This course is designed to prepare students for the College Board Advanced Placement exam in Chemistry. It is a second-year, two-semester laboratory course in chemistry which further develops and expands on the concepts presented in the first year of chemistry, covering the material expected in a first-year college-level introductory chemistry course. All students are required to take the AP Chemistry exam in May. Students should have mastery of the following topics before starting this course: measurement, units, significant figures stoichiometry, history of atomic theory and the periodic table, empirical gas laws, calorimetry and heat, VSEPR and molecular geometry, intramolecular and intermolecular bonding. (Prerequisite: recommendation from the first year chemistry teacher, approval of the course instructor, and completion of Algebra II with a grade of C or better.)
This course is designed for the student who is not likely to major in science or engineering in college, but who wants to be exposed to the concepts of physics in order to be a truly educated and aware citizen of the twenty-first century. An extensive amount of laboratory work using microcomputer-based equipment is involved. The development of problem-solving skills using basic algebra and the rudiments of trigonometry is also a goal of the course. The focus of this class is on mechanics, dynamics and energy. Some astronomy, waves and electrostatics are also discussed. At the completion of the course, the student should be more able to make responsible decisions regarding science in an age of increasing technological complexity. (Prerequisite: Algebra II completed or studied concurrently, and permission of the department)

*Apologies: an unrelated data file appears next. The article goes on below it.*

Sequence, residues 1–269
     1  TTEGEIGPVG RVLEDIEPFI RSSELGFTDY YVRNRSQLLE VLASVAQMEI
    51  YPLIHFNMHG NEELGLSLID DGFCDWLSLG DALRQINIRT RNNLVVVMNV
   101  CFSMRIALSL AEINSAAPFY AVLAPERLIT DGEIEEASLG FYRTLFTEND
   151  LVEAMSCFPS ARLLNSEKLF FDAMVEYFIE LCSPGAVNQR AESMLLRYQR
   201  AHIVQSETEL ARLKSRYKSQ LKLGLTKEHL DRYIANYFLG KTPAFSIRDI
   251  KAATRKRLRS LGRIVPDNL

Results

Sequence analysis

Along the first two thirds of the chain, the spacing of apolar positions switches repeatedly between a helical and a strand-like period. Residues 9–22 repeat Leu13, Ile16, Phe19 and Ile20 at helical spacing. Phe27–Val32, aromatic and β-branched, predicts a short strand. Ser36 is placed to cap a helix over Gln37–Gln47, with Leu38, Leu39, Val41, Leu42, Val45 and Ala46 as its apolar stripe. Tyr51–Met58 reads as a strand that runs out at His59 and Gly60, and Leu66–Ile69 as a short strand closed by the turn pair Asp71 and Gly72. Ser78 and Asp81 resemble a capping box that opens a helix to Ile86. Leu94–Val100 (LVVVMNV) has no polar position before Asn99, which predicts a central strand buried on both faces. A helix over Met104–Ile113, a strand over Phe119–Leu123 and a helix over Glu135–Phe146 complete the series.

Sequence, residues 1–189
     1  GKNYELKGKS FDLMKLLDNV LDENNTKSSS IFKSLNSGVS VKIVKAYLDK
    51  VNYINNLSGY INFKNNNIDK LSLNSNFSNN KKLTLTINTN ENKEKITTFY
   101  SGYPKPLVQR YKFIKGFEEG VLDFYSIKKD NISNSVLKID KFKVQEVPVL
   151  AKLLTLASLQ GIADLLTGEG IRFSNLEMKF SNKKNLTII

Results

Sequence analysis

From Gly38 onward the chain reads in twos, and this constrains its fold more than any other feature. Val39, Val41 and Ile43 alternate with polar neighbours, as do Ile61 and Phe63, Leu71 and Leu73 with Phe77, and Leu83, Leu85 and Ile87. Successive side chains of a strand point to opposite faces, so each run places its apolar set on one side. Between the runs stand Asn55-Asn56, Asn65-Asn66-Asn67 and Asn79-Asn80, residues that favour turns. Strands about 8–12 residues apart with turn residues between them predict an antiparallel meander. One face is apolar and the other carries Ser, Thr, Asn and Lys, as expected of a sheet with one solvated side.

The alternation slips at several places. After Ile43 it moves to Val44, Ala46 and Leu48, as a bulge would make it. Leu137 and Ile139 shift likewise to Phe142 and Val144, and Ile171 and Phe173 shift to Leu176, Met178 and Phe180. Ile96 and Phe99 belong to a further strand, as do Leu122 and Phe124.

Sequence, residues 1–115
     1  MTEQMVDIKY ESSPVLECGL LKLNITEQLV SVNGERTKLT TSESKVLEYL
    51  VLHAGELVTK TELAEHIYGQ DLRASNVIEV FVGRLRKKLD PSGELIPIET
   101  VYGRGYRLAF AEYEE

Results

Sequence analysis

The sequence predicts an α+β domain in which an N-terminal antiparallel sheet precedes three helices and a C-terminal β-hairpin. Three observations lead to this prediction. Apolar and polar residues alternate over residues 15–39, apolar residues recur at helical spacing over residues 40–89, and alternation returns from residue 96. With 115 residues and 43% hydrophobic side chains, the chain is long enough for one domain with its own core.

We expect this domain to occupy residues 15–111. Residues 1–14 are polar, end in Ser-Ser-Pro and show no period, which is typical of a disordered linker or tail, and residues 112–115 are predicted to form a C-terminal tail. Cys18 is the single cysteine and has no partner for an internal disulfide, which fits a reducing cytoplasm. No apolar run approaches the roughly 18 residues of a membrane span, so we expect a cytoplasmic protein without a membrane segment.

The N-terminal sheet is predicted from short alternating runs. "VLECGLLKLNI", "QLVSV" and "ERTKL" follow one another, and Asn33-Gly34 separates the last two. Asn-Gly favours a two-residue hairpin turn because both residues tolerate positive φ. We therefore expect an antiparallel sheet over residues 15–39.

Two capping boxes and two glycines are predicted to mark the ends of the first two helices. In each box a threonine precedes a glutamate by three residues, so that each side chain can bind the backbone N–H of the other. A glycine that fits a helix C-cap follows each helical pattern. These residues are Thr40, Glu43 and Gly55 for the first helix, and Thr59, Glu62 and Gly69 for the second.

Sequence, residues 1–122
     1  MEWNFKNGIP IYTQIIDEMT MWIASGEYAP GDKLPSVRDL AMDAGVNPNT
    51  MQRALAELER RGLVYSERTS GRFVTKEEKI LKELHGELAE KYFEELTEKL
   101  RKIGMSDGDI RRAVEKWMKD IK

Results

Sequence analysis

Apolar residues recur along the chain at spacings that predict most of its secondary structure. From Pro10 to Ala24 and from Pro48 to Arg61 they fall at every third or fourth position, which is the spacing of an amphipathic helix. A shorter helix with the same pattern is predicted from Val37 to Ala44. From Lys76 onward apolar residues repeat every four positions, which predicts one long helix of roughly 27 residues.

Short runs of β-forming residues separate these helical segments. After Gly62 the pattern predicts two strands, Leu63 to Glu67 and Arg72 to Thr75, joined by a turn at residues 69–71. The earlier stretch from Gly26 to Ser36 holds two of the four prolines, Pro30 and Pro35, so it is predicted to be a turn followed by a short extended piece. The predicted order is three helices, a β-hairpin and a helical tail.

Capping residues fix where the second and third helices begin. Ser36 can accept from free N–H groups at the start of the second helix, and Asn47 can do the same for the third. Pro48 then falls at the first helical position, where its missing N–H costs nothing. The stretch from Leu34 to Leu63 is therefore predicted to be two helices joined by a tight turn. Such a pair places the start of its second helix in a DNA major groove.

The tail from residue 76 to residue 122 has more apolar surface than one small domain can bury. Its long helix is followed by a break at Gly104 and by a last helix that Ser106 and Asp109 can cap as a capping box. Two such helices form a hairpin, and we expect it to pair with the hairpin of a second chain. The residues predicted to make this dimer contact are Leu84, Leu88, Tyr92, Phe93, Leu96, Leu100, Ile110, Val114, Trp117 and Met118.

Conceptual Physics is a laboratory course that builds understanding of concepts before computation. Physical phenomena are experienced in the laboratory then extensively analyzed and explained. Graphical and algebraic relationships are then introduced as guides to thinking. Finally, physics problems are solved as a way of verifying and extending students’ understanding of concepts. The course deals with mechanics, kinematics, wave theory and other topics. The text for the course is Conceptual Physics by Hewitt. Extensive use is made of StarLogo TNG a graphical programming language that allows students to build physically sound simulations and games in a realistic 3D virtual world. (Prerequisite: Algebra II completed or studied concurrently.)